New York City, NY; NYC
10:30 am
Free

Dance Performance | A Performance by Alvin Ailey Dance Students (online thru Oct 3)


In celebration of the program’s 25th anniversary, stream a stunning performance by BFA students. The concert features original ballets by emerging and established choreographers who created their work on the students in the program. These talented dancers train in a conservatory setting while also earning their Bachelor of Fine Arts degree (and sometimes adding a second academic major).
   New York City, NY; NYC
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12:00 pm
Free

Lecture | Art for the Millions: American Culture and Politics in the 1930s (online)


The 1930s was a decade of political and social upheaval in the United States, and the art and visual culture of the time reflected the unsettled environment. Americans searched for their cultural identity during the Great Depression, a period marked by divisive politics, threats to democracy, and intensified social activism, including a powerful labor movement. The exhibition with the same title, on view at The Metropolitan Museum of Art New York until December 10, 2023, features more than 100 works from the collection and several lenders, and explores how artists expressed political messages and ideologies through a range of media, from paintings, sculptures, prints, and photographs to film, dance, decorative arts, fashion, and ephemera. Highlights include paintings by Georgia O’Keeffe, Charles Sheeler, and Stuart Davis; prints by Elizabeth Olds, Dox Thrash, and Riva Helfond; photographs by Walker Evans and Dorothea Lange; footage of Martha Graham’s dance Frontier; and more, providing an unprecedented overview of the era’s sociopolitical landscape. Speaker: Allison Rudnick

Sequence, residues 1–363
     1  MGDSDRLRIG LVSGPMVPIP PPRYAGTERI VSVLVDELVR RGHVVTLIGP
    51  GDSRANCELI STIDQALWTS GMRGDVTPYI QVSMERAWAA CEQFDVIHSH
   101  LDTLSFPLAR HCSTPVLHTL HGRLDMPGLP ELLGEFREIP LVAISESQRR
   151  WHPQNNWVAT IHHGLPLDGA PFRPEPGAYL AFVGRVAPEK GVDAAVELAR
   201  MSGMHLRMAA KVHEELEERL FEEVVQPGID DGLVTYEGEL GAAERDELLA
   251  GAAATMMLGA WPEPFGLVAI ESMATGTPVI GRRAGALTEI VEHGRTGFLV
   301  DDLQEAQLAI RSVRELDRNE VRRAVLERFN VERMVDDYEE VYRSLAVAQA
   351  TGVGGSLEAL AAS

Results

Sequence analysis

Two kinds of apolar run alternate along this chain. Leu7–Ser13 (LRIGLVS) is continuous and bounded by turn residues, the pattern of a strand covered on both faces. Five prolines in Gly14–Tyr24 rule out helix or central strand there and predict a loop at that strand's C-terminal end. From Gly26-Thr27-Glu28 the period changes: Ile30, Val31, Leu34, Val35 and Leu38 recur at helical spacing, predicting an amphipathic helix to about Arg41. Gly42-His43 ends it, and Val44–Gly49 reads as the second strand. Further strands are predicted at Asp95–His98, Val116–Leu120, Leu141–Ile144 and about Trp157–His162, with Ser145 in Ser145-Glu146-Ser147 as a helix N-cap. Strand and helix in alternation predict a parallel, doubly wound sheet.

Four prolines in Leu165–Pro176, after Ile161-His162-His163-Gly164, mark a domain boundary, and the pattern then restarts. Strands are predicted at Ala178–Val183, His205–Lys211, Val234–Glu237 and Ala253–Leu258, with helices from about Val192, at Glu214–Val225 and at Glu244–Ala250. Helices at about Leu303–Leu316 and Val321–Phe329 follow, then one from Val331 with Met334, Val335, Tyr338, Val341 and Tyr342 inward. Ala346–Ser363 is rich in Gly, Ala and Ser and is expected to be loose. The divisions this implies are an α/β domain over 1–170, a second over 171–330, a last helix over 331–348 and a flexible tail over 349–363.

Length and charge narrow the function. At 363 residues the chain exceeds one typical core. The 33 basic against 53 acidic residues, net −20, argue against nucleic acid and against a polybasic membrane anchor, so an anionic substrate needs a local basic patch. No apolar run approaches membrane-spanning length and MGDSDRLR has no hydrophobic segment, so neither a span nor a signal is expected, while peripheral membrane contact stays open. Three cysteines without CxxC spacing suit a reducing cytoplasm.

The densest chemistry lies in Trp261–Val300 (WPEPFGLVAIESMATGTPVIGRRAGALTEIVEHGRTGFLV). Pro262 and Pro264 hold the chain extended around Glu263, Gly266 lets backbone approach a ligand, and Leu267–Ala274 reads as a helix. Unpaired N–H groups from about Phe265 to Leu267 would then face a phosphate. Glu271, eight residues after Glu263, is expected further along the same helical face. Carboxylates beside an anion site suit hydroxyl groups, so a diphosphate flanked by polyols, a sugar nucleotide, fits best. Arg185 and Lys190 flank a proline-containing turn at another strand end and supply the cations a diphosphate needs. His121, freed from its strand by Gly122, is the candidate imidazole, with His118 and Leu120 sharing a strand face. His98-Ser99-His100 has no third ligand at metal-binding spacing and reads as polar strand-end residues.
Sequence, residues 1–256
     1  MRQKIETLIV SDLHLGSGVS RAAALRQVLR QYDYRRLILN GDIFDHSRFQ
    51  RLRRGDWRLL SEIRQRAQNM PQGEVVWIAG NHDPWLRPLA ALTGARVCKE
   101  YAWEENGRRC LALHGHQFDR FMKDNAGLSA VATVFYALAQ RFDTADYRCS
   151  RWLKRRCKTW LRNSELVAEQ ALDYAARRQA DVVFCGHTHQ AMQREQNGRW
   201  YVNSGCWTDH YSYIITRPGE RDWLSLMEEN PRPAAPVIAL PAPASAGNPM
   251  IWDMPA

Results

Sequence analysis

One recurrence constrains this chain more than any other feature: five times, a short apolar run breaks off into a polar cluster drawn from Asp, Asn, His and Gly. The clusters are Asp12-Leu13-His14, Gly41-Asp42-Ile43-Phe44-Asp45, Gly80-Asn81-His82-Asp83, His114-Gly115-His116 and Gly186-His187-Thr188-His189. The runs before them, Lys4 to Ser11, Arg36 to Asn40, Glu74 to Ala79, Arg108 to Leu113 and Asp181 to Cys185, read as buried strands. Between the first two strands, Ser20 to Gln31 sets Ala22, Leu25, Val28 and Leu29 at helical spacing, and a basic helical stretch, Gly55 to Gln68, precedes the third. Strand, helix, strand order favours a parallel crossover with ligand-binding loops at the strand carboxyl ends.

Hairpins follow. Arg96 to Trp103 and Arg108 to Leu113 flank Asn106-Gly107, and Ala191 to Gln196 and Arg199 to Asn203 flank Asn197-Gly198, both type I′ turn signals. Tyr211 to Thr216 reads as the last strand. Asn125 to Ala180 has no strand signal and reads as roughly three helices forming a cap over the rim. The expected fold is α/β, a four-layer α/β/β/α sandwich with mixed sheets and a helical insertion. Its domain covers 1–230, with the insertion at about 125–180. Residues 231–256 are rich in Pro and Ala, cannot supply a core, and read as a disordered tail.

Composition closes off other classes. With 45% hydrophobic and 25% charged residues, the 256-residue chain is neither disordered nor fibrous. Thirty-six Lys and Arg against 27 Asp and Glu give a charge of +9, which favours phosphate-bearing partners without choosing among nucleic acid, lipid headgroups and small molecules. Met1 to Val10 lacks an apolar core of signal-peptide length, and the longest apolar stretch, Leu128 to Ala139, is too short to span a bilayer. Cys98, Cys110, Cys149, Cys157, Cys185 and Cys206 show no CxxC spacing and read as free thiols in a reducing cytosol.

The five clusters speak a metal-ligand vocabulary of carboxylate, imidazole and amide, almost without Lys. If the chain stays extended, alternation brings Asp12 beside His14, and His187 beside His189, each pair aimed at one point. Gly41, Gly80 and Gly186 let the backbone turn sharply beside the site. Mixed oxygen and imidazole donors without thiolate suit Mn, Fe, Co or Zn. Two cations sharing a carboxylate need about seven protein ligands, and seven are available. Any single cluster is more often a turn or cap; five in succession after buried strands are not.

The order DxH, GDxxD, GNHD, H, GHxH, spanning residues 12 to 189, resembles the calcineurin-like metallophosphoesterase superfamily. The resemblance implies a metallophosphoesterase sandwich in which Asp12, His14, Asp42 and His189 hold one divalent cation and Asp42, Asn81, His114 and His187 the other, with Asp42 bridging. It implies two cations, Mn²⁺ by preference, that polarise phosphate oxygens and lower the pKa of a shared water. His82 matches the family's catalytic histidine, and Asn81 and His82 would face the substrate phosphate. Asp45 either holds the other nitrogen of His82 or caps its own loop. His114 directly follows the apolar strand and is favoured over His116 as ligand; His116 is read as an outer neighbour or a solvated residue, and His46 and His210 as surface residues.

New York City, NY; NYC
12:00 pm
Free

Lecture | Inside Marjorie Merriweather Post's Hillwood Estate


Historian Ken Mensing takes you past the front gates for a slide presentation of Hillwood, the rarely seen former Long Island Gold Coast estate of Post Cereal heiress and General Foods Corporation founder Marjorie Merriweather Post. Due to the lack of information available, the former estate, now known as LIU Post Campus, is rarely mentioned by historians familiar with the Gold Coast. Ken will show you rarely seen photographs that are contained in private collections of the Post family and a few archival institutions not comonolly visited by researchers. Mensing has been featured in the Biography Channels program about Marjorie Merriweather Post, and continues to lecture about Marjorie for local historical societies and other organizations interested in historical figures who once called Long Island home.
   New York City, NY; NYC
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12:00 pm
Free

Workshop | Learn Juggling in the Park


Jugglers use the park throughout the year to provide free classes to the public. Stop by for a quick lesson, stay for the whole time, or just enjoy watching them put their skills to the test. They're a friendly group and open to drop-ins, even if you catch them outside of the regular juggling lessons. All skill levels welcome. Equipment is provided.